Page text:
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Billy Zane Executes Primal Role in Lifetime Ripped from the Headlines Movie: Devil on Campus: The Larry Ray Story

Photo credit: Billy Zane

Billy Zane has captivated audiences for years, whether in humorous roles, mystery, terror driven or fantasy, he’s made his stake in cinema with over 200 films and tv shows from the 80’s till now with the newest feature Devil on Campus: The Larry Ray Story. It’s a brilliant tribute to the actor with over three decades of work on the big screen.

While strolling through the rolodex of my memory, several of Zanes box office hits pops into mind, like the 1998 thriller, Dead Calm, a psychopath, who didn’t take keenly to rejection; Zane cast in the 1997 tragic love story, Titanic as smug and obnoxious elitest Cal Hockley— Cal risked it all for one woman named Rose, and a centuries old necklace lost at sea when the iron vessel struck the iceberg and sank. He played The Phantom (1996)— A tale where Zoro meets Deadpool, to form a surly superhero

The master thespian becomes a different personality while acclating himself within the roles, becoming an alter ego on set. He’s both assured and precise with aristocratic panache, that seemingly vette characters before implementing part of himeself within that persona.

Therefore, it wasn’t a surprise that he could portray the diabolical and maleficent narcissist, Larry Ray, who’s pinged as a modern-day cult leader that terrorized college students at Sarah Lawrence college when he moved into his daughter’s dorm.


Delving into the role of a portly madman, actor Billy Zane, chalks the outline of Larry Ray. It’s evil at its finest if there were ever such an assessment.  The story about Larry Ray is nothing compared to events unearthed in the movie that leave a permanent eek in your mouth, especially everyone affected surrounding the true-life chain of events.



Left-Right: Marlon Brando; Billy Zane

Darting off the heels of Marlon Brando, Zane packed on a few pounds that served him like a hot pan of buttermilk biscuits, where he was cringing identical to Billy Ray in an uncanny manner. Zane locked into character, and performed to the highest demands of Elisabeth Rohm, virtuoso actor, and executive producer of the film.


Zane said that he prepared, packing his character, and unpacking like luggage. “Um, Iike most, which relies on instinct and osmosis, I suppose,” said Zane.

“You slip into it like a jacket and, I really examine my first impulses that come, and there are some rhythms and choices that come. It’s a very elusive and opaque process for me and in doing so, I found choices that surprise me, and I check with Liz (Elisabeth Rohm), and I’ll be like, what if we completely turn this on its head, like it was written to be this. What if we did that with it, and that would often fall into a rhythm and pattern that was just uh, surprising and engaging that when we do fall into convention, that lands in a much more effective way so my process is um, you know… there’s levels of preparation and I studied his voice and I put on a bunch of weight.”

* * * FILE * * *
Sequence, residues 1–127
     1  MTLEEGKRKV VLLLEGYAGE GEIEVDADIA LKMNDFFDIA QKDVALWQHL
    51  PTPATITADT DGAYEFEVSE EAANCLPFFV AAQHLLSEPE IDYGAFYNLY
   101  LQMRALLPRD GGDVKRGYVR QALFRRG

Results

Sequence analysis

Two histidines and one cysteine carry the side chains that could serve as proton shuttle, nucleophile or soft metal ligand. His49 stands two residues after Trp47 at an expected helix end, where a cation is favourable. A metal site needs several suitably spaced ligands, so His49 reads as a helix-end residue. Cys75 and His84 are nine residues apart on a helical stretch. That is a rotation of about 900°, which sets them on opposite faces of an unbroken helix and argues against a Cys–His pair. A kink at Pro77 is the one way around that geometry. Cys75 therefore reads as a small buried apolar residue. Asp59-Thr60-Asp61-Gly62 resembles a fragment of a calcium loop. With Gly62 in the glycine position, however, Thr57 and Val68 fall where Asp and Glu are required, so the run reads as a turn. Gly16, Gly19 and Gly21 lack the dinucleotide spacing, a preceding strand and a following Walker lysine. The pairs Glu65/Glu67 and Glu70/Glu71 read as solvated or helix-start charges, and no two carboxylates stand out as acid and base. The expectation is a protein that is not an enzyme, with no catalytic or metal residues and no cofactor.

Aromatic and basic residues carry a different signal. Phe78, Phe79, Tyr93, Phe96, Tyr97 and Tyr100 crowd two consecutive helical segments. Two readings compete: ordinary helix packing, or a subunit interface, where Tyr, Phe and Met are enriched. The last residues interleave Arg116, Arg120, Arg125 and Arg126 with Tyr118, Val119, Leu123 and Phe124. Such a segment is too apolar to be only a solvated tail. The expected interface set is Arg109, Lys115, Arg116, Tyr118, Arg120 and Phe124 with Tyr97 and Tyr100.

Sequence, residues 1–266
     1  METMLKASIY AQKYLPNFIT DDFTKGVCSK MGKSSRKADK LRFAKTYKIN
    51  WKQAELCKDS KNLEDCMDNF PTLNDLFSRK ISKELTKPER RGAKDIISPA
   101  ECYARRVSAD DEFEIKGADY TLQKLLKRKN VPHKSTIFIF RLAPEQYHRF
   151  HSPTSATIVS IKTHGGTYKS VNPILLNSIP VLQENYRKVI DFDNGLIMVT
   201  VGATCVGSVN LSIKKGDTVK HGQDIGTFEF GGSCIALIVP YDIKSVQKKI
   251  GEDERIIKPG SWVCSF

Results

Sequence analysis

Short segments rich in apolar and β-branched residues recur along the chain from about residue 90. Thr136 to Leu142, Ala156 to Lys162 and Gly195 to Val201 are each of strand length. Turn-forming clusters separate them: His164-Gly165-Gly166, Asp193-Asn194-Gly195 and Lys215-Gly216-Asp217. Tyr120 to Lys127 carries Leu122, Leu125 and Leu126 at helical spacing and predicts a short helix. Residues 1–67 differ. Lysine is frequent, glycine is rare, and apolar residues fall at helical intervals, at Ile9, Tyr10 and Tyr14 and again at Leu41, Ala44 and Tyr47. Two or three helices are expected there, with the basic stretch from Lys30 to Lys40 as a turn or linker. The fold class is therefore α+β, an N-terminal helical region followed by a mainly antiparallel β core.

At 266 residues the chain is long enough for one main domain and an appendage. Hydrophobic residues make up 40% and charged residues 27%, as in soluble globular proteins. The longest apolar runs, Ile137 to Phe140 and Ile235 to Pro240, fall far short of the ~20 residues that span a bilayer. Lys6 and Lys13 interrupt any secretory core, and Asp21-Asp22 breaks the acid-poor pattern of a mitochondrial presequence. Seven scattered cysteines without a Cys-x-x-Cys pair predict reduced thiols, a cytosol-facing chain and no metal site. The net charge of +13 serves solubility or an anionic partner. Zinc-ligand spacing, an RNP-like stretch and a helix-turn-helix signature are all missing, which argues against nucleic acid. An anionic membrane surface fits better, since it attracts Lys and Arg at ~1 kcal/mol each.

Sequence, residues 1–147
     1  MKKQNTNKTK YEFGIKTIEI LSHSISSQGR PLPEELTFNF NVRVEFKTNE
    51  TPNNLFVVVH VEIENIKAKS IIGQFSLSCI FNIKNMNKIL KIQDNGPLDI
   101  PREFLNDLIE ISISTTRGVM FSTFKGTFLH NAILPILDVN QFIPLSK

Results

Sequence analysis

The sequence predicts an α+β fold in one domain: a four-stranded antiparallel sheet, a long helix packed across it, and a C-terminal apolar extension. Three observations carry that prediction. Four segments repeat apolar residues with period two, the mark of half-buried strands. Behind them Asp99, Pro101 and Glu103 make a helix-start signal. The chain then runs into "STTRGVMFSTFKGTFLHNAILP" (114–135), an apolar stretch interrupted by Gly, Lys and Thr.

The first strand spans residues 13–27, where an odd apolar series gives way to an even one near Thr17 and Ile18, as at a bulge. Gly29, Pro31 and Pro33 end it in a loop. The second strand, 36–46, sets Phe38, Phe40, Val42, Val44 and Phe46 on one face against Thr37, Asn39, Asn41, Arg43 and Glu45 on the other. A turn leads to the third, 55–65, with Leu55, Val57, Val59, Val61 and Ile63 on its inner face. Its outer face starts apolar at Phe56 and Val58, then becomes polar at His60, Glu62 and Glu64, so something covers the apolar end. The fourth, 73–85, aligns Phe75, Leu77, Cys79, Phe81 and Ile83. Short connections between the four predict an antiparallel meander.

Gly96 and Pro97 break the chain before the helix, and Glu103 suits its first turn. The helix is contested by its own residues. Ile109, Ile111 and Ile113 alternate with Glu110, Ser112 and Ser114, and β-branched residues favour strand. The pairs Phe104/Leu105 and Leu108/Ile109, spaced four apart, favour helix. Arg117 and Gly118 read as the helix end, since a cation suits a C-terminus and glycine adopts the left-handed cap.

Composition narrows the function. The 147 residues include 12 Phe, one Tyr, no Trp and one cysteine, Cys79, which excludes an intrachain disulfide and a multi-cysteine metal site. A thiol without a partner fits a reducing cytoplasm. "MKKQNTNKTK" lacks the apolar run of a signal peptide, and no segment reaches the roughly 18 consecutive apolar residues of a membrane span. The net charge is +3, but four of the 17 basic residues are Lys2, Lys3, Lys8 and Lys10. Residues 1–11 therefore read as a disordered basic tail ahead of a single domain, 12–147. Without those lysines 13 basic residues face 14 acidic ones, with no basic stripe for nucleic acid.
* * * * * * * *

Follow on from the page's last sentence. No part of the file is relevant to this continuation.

And by turning it on its head, and letting the crazy out, Zane did just that. Within the first few minutes of watching the film, Zane, without doubts straddled the fence on logic and insanity when embodying Ray, who came off as finicky but very vigilant Jekyll and Hyde. Ray studied his prey, the students and unleashed a fury that’s both annihilative and traumatic from first experiences with the teens —it became clear that Ray moved into his daughter’s dorm with a plan to overtake like David Koresh (Waco, Texas). For Ray to follow through with the bizarre plan, he needed to know the vulnerabilities of the students, by charming them out of their wits, and right into an unsuspecting cult.


Zane goes on to say that the script was written precisely for him, but even he prepared not exaggerating but tackling the role as meticulous as possible. “I had just come off this Marlon Brando project,” he said, “which Marlon wasn’t particularly heavy; he was just not, you know, not a gym rat at that time; but I quickly kind of just carved it up and let it all hang out, which was really kind of a nice challenge as well—You know, channeling my third act.


I physically put on the tonnage and felt him (Ray) in my body, but then went for (it); um and the voice was again, very specific raised pitch, affected a particular kind of lisp and so I just loved all of those. I haven’t done, I haven’t gone like that , I don’t know, in a while into those many attractive elements that an actor approaches that it was purely more of an exercise than a fear mongering narrative.”


Devil on Campus premiering on Lifetime

June 23 8/7c


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